California is a leader in climate change action, both through state policy and local planning. The state’s foundational policy is Assembly Bill (AB) 32, which passed in 2006 and set a target of reducing greenhouse gas (GHG) emissions to 1990 levels by 2020. AB 32 also created a framework for a suite of now about 50 climate measures to reduce GHG emissions economy-wide, including from the transportation, energy, and water sectors. At the same time, regional and local municipalities throughout the state have adopted climate action plans. These plans assess baseline GHG emissions and identify land use and other actions the respective municipality will take to reduce its emissions.

The Luskin Center for Innovation (LCI) conducts research to inform evidence-based climate policy and planning. This includes assessing the co-benefits of climate policies in order to learn how to efficiently reduce GHG emissions while maximizing local benefits such as improved air quality and public health.

Much of the sector-specific climate policy and planning research is organized in LCI’s transportationenergy, and water program areas. Other climate research is not sector-specific. Examples of these comprehensive studies follow.

State-Level Climate Policy

Carbon, Air Quality, Health, and Financial Impacts of California’s Climate Measures 

(current study)
Researchers include: J.R. DeShazo, Julien Gattaciecca, James Di Filippo, Kelly Trumbull, and Naseem Golestani

LCI is conducting a first-of-its-kind study to quantifiably estimate how the state’s approximately 50 climate policies and programs, such as the Renewable Portfolio Standard, are reducing GHGs and criteria pollutants. This includes an analysis of the avoided social costs of carbon emissions compared against the costs of the programs. We are also estimating changes in local air pollution and the associated public health impacts (including avoided morbidity and mortality) compared to the program costs.

Cap-and-Trade’s Financial Impact in Disadvantaged Communities 

(2016 report)
Authors: Julien Gattaciecca, Colleen Callahan, and J.R. DeShazo

LCI assessed the financial impacts on disadvantaged communities of California’s carbon Cap-and-Trade Program, which places the world’s first economy-wide cap on GHG emissions and establishes market mechanisms to price carbon allowances. The regulated entities are large emitters of GHGs, including electric utilities, natural gas utilities, and fuel distributors. LCI researchers analyzed Cap-and-Trade compliance costs that result from the regulated entities’ purchase of carbon allowances. The costs of these allowances create price signals that communicate to consumers the amount of GHG emissions associated with electricity, natural gas, and gasoline consumption. While allowing price signals to encourage lower GHG consumption choices, policymakers also want to ensure that the cost burden does not fall disproportionately on low-income Californians. The state has put in place many mitigation strategies that LCI researchers found to be financially protecting low-income households, in most cases, in the communities that the study analyzed.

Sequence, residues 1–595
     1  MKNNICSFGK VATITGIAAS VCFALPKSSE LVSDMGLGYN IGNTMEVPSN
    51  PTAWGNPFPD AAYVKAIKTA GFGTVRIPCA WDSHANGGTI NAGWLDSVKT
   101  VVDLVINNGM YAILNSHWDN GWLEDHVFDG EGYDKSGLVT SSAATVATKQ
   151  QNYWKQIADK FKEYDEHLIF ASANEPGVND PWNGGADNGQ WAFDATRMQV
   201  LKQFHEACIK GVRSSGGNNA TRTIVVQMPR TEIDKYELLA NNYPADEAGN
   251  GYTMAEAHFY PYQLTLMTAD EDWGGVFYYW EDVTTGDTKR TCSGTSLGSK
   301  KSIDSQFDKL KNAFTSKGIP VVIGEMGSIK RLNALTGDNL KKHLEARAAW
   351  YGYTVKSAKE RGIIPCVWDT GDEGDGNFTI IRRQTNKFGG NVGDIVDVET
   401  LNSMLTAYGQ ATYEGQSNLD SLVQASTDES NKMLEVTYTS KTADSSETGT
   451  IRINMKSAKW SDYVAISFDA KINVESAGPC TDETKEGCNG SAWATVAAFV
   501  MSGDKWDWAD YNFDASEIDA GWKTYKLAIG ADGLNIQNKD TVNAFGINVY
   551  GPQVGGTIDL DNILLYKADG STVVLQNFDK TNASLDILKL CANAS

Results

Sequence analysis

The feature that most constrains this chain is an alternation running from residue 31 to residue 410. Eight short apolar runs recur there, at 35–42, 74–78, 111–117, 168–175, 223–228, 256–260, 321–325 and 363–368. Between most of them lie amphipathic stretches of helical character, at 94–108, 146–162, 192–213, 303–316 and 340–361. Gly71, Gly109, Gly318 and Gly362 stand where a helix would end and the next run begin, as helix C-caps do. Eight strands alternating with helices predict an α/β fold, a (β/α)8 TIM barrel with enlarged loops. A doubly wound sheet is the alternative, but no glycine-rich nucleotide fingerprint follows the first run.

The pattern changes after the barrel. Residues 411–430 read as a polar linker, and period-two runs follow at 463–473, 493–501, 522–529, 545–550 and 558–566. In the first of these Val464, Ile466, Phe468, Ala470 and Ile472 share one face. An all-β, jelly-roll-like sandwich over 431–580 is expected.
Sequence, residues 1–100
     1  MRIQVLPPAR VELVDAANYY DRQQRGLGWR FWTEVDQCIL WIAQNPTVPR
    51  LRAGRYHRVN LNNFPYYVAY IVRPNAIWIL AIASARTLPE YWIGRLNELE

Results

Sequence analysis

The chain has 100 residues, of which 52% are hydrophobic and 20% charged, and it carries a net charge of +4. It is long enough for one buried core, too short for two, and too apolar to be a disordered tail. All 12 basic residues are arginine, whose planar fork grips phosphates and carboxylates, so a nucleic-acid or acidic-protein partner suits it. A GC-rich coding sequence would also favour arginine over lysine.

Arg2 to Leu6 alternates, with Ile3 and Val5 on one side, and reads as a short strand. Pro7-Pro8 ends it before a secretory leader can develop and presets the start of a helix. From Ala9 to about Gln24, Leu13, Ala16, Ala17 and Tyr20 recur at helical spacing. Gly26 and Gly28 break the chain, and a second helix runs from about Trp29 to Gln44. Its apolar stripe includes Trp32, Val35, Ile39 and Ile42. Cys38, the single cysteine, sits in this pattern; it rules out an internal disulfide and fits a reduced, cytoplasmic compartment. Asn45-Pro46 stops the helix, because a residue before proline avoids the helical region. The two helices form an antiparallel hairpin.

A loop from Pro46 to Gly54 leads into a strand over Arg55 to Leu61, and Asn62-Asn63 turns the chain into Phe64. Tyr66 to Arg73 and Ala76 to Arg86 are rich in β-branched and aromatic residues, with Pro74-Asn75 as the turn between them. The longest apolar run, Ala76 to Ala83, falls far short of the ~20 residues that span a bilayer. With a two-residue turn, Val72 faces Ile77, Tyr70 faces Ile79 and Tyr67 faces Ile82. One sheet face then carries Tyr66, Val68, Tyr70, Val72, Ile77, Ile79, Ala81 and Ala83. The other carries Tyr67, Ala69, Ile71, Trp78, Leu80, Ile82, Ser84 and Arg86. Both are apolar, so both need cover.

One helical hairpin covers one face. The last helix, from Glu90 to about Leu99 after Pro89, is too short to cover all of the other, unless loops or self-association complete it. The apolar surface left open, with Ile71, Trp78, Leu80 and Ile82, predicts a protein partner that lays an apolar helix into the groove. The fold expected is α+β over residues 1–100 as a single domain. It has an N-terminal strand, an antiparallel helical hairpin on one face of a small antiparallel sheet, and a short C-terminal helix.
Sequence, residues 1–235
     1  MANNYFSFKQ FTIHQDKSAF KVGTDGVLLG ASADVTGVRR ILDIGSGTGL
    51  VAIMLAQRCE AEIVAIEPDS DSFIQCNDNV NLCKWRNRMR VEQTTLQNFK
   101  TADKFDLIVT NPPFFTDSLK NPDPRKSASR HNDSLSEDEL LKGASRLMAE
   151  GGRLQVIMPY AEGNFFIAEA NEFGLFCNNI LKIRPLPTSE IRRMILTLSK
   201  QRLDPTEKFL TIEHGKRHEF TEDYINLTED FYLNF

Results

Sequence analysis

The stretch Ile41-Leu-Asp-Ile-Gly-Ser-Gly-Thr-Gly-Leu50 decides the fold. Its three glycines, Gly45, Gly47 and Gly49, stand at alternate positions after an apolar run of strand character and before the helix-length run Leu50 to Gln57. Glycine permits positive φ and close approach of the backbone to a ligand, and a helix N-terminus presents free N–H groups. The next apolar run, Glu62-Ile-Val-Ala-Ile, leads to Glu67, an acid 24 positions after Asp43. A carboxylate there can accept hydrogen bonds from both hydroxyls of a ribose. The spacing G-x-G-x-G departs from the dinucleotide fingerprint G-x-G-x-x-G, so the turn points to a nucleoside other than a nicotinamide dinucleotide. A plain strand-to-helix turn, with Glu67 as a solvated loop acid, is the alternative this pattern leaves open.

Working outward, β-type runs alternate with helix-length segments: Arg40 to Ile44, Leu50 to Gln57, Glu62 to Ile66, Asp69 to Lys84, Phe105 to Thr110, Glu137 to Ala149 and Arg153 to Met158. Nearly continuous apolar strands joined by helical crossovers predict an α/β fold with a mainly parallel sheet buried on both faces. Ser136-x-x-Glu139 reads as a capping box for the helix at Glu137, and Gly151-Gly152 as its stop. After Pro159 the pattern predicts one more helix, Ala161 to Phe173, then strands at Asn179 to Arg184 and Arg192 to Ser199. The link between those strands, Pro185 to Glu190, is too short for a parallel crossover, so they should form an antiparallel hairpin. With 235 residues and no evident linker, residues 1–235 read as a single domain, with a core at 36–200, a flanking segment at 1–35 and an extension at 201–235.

Evaluating and Informing California Climate Investments 

(past and current projects)
Researchers include: Colleen Callahan, Gregory Pierce, Jason Karpman, and J.R. DeShazo

The above link takes you to LCI research focused on the climate programs funded by California Climate Investments.

Local-Level Climate Action Planning

Assessing Solar and Efficiency Opportunities: Part of President Obama’s Climate Data Initiative 

(2014 report)
Authors: Colleen Callahan, J.R. DeShazo, Henry McCann, and Norman Wong

In response to then President Obama’s Climate Data Initiative, the UCLA Luskin Center and Environmental Defense Fund released the Los Angeles Solar and Efficiency Report (LASER) — a data-driven mapping tool designed to help communities identify opportunities to invest in projects that will save households money, create clean energy jobs, and strengthen climate resilience. The tool illustrates existing pollution and climate change impacts at a community level and illustrates “hot spots” ripe for rooftop solar investment and energy efficiency building potential at the parcel level.

Climate Action Planning: Progress Report on Southern California 

(2012 report)
Authors: J.R. DeShazo and Juan Matute

This report is an assessment of local climate action planning in Southern California. It is based on the Southern California Climate Action Information Sharing Network, a resource that provides cities and stakeholders with access to city climate planning information and allows cities to take credit for actions they’ve taken. We list 10 cities whose climate performance stands out.